Modules versus boxes has been a debate going on in ATE circles since the time of the mods and rockers. Modular PXI systems are fast, small, and offer increasing parametric performance. Traditional “box” instruments are easy to use, portable, and offer front panels and displays for manual bench operation. The two formats orbit around different value propositions. But the latest trend is the increasing use of PXI to create one-box testers and traditional bench instrumentation. In this column I talk with seven companies, and get their unique perspectives on this topic. The companies are Agilent Technologies, LitePoint, Aeroflex, VTI Instruments, Marvin Test Solutions, National Instruments, and RADX Technologies. Why are they doing this? What benefits to the user and vendor? What downsides? To find out, read the entire article here.
AXIe is the “big brother” of PXI. It uses the same PCIe (PCI Express) fabric as PXI, but sports higher power and larger board size. A goal of the consortium is to make AXIe appear to controllers and software as a PXI system, but focused on supporting high-end instrumentation. Like PXI and VXI, it is open to all vendors, and uses similar software drivers, such as IVI and LabView, for instrument control.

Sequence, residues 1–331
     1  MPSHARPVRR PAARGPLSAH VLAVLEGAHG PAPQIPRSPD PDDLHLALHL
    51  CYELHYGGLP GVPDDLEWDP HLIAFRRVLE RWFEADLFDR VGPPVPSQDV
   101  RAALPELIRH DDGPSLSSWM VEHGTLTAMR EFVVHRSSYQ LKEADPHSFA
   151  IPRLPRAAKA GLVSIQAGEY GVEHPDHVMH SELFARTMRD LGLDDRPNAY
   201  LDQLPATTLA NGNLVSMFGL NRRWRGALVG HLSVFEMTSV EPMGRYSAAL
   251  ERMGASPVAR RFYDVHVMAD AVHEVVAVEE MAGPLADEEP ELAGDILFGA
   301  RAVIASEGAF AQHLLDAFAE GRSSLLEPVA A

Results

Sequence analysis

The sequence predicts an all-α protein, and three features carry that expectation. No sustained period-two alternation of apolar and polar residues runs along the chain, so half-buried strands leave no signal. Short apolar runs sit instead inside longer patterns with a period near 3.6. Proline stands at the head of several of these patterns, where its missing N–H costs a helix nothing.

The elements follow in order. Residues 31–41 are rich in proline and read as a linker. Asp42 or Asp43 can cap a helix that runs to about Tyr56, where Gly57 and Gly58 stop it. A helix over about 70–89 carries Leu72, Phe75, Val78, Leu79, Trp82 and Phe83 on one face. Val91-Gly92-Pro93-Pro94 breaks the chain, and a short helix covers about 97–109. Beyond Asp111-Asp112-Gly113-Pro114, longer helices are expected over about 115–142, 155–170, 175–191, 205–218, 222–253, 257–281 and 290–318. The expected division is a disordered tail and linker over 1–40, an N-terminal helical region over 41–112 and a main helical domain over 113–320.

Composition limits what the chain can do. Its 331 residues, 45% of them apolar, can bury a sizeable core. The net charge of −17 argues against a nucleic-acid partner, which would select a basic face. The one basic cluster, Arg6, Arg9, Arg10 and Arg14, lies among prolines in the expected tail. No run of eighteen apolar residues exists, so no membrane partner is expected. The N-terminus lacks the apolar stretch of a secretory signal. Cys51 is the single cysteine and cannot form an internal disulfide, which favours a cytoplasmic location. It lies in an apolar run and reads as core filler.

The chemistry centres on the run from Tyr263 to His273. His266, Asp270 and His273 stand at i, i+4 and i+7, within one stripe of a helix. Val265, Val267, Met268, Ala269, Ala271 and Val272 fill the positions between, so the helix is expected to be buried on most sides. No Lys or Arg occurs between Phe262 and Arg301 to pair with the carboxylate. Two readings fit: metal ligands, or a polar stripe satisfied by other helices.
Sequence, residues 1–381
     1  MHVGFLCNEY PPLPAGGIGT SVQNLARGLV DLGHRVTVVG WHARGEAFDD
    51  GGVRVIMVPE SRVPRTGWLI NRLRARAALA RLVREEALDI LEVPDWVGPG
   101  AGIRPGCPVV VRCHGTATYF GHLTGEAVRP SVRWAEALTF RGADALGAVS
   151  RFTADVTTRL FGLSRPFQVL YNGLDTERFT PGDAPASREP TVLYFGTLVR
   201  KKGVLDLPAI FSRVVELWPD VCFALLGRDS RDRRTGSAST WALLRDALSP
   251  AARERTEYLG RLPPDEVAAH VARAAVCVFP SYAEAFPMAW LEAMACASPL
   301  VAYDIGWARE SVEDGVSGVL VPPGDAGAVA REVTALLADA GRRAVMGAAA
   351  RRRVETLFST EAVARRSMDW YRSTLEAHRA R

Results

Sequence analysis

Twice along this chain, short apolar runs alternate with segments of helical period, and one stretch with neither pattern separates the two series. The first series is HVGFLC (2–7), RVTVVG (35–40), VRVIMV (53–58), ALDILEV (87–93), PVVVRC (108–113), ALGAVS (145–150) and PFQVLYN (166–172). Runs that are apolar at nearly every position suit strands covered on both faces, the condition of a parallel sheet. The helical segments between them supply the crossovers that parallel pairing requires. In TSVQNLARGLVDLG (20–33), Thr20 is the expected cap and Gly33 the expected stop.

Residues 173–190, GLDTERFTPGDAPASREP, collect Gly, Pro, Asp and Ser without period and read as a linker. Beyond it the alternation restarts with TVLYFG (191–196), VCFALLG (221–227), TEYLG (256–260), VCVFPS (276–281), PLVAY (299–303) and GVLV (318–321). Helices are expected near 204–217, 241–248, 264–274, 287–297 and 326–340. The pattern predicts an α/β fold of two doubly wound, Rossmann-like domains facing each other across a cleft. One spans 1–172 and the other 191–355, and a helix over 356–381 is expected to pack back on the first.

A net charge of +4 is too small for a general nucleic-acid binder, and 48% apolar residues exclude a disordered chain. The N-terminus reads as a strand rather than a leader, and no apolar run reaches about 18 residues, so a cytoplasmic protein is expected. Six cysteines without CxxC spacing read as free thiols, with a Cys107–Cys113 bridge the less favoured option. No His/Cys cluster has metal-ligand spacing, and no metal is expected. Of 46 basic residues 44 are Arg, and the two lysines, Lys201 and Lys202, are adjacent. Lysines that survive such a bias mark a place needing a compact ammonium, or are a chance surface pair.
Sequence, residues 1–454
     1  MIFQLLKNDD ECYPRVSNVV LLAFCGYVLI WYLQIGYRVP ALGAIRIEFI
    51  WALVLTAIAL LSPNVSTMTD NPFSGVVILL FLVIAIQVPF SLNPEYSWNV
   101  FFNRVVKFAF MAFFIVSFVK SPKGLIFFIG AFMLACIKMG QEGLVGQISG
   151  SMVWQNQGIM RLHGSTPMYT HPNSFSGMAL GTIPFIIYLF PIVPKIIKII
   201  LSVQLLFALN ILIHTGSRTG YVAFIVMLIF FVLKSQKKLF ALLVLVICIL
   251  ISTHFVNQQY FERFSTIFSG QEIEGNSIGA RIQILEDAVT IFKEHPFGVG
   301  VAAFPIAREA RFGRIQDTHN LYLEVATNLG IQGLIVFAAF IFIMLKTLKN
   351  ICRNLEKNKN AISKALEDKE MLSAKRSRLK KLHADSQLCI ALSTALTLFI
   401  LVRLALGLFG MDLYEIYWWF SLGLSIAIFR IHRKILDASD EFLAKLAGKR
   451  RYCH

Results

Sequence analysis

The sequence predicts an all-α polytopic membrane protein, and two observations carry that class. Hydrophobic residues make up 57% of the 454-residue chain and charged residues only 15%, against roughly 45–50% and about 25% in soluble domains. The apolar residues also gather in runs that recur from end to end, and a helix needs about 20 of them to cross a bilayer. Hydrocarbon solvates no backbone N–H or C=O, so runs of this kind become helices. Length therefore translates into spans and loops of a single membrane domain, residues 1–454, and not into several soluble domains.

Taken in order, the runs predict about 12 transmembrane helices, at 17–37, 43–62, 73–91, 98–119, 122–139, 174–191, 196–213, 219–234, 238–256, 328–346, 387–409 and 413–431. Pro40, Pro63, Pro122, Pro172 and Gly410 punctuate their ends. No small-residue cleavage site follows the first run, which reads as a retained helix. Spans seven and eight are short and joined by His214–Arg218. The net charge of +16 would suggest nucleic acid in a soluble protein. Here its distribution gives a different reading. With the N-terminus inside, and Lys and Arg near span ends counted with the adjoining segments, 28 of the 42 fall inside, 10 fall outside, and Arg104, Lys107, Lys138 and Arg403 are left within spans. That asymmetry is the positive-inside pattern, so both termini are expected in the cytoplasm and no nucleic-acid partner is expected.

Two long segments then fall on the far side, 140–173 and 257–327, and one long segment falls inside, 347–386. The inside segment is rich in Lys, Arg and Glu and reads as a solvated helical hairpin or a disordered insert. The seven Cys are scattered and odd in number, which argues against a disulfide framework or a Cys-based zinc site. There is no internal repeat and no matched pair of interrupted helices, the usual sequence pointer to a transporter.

So when Agilent contacted me a few days ago about an upcoming AXIe chassis announcement, I was interested to see these concepts delivered in what is arguably the highest performance open modular chassis yet created. We’ll take a look at it. But even more importantly, it demonstrates some key architectural concepts of AXIe, and some very interesting compatibility modes with PXI.
Do you know what an ASM is? An ESM? How about “fire breathing dragon”? Read the entire article here.